Ovi -
we cover every issue
newsletterNewsletter
subscribeSubscribe
contactContact
searchSearch
worldwide creative inspiration  
Ovi Bookshop - Free Ebook
Tony Zuvela - Cartoons, Illustrations
Ovi Language
George Kalatzis - A Family Story 1924-1967
Stop violence against women
Tony Zuvela - Cartoons, Illustrations
Stop human trafficking
 
BBC News :   - 
iBite :   - 
GermanGreekEnglishSpanishFinnishFrenchItalianPortugueseSwedish
Lithuanian report Lithuanian report
by Euro Reporter
2015-03-09 10:59:34
Print - Comment - Send to a Friend - More from this Author
DeliciousRedditFacebookDigg! StumbleUpon

Lithuania to vote on conscription to combat Russian threat

The prospect of military conscription in Lithuania will spark a fierce debate in the country’s parliament when it is put to a vote next week, analysts say. Conscription in the Baltic state was technically suspended in 2008, although the law stayed in force and is still valid. However, there has recently been increasing talk of lifting the suspension and resuming conscription for the next five years as an emergency measure in the wake of perceived Russian aggression. The Lithuanian government approved the motion this week after president Dalia Grybauskaite announced at the end of February that conscription was needed due to the “current geopolitical environment”. The Lithuanian parliament must still approve the plan. On Wednesday Grybauskaite told Lithuanian journalists that “with a changing geopolitical situation around our borders, we realise that the threats are very real. The threats are real for our whole region, all Baltic States, and our neighbourhood has become less predictable and more aggressive, I mean Russia.”

Grybauskaite would like to see the first draft for serviceman issued as early as September, but parliament and the broader Lithuanian society remain divided over the controversial measure. Parliament is set to vote on the matter next week, as a matter of emergency. "From what I hear from some MPs, the discussion is probably going to be very heated," said the prime minister Algirdas Butkevičius on the radio Žinių Radijas on Thursday morning. Tomas Jermalavicius, a research fellow at the International Centre for Defence Studies in Tallinn, Estonia, believes the motion is likely to pass, but only after a serious debate. “Lithuanian society is split on the issue,” he says. “A number clearly feel that Russia poses a great threat, and they are already making moves to sign up to voluntary paramilitary organisations and national defence volunteers. They certainly support the resumption of conscription. But a lot of other people feel that state cannot coerce its citizens in this way,” he continues. “People want to pursue careers, to study and there has been a backlash from some sections of society, from sportsmen, celebrities and economists speaking out in public. There’s certainly as interesting debate in the public space right now.”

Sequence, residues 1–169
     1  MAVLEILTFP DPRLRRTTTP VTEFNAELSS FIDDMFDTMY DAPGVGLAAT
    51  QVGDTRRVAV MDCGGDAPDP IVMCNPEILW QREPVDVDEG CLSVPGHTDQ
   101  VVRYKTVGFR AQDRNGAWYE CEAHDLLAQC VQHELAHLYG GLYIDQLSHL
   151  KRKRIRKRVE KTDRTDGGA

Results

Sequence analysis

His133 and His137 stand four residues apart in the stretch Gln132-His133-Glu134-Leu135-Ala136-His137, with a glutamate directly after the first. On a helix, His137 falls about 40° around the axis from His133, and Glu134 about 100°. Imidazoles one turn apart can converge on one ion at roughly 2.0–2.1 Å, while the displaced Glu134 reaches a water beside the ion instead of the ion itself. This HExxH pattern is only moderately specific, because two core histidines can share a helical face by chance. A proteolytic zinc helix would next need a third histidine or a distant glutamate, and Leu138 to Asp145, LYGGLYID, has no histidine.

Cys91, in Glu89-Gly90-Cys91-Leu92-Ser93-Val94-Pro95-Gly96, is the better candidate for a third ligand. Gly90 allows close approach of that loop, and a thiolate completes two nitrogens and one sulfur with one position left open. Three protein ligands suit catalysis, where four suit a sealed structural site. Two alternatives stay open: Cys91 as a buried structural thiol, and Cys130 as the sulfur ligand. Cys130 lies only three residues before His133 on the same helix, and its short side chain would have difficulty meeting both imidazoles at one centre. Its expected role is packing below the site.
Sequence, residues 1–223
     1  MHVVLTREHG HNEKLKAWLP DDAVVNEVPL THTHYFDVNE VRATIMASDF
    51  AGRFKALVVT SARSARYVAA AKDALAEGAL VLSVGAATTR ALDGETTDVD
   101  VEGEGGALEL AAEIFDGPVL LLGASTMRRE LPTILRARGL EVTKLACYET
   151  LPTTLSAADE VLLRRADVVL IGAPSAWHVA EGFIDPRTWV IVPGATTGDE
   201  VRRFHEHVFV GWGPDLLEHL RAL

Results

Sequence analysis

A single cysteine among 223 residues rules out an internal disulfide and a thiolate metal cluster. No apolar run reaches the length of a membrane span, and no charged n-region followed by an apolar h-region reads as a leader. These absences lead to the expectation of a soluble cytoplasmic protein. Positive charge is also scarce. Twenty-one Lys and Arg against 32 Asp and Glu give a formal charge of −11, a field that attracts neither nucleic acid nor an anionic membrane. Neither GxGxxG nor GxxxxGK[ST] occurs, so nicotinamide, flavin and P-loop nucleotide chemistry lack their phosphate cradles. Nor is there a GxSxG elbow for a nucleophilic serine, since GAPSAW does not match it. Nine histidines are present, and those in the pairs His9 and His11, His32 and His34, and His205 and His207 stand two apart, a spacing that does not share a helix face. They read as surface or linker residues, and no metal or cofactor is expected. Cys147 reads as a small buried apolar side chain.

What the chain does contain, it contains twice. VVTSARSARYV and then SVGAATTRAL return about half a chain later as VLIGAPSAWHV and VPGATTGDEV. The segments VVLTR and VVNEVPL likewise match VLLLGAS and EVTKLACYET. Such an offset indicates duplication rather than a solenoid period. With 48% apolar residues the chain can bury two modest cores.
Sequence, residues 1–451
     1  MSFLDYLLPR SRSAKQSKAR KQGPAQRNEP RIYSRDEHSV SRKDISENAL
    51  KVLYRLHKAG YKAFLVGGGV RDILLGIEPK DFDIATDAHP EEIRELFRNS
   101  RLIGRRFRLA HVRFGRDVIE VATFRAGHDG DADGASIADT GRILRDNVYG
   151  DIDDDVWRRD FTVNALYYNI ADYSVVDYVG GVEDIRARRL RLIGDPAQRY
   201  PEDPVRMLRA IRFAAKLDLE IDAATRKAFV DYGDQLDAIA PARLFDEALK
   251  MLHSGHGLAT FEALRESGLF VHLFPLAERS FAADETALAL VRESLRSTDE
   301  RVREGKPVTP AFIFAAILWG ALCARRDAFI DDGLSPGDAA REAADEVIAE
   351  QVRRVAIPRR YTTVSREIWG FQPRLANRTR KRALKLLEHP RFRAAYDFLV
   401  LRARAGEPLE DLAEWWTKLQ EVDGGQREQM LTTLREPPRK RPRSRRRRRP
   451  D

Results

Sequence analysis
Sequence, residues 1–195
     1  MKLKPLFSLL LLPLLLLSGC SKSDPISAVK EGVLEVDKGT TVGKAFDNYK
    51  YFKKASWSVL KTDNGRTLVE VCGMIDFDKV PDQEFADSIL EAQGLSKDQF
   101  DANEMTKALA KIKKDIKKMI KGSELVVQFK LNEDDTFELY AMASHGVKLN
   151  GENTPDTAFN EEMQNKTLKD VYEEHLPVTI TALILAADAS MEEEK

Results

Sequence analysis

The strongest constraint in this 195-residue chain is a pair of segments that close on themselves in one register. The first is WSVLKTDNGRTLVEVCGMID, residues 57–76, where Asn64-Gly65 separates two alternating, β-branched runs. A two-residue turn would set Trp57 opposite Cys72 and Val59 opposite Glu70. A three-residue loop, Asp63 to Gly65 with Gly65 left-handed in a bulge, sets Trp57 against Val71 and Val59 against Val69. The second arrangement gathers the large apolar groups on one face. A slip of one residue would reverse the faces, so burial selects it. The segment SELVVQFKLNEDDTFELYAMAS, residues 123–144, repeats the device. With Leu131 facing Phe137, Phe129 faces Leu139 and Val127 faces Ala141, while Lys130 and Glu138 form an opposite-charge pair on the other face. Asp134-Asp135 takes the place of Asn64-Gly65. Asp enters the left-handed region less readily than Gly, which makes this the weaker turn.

There is growing alarm throughout Lithuania, Latvia and Estonia that the current conflict in eastern Ukraine could spill over into the Baltic States. Increasingly frequent snap military drills are being carried out by Russia near its eastern European neighbours, and experts have warned that the situation should not be taken lightly. Yet despite the Russian threat, there is anger in Lithuania that the announcement on conscription was made so suddenly. “It came as a great surprise and was not properly explained”, says Jermalavicius.  A selection of EU foreign ministers met in Riga today to discuss the crisis in Ukraine, with talks focusing on the need to introduce further sanctions against Russia. Latvia's defence minister has also suggested strengthening his country's military, by increasing army numbers to 7,000 men, although the country isn’t currently planning on introducing compulsory service. While experts believe that the law will likely be passed, certain amendments and assurances have been made in order to make the law a more attractive and palatable prospect. The Ministry of National Defence submitted amendments to the law which will limit the numbers of conscripts to 3,000-3,500 and will expand a range of benefits for the troops.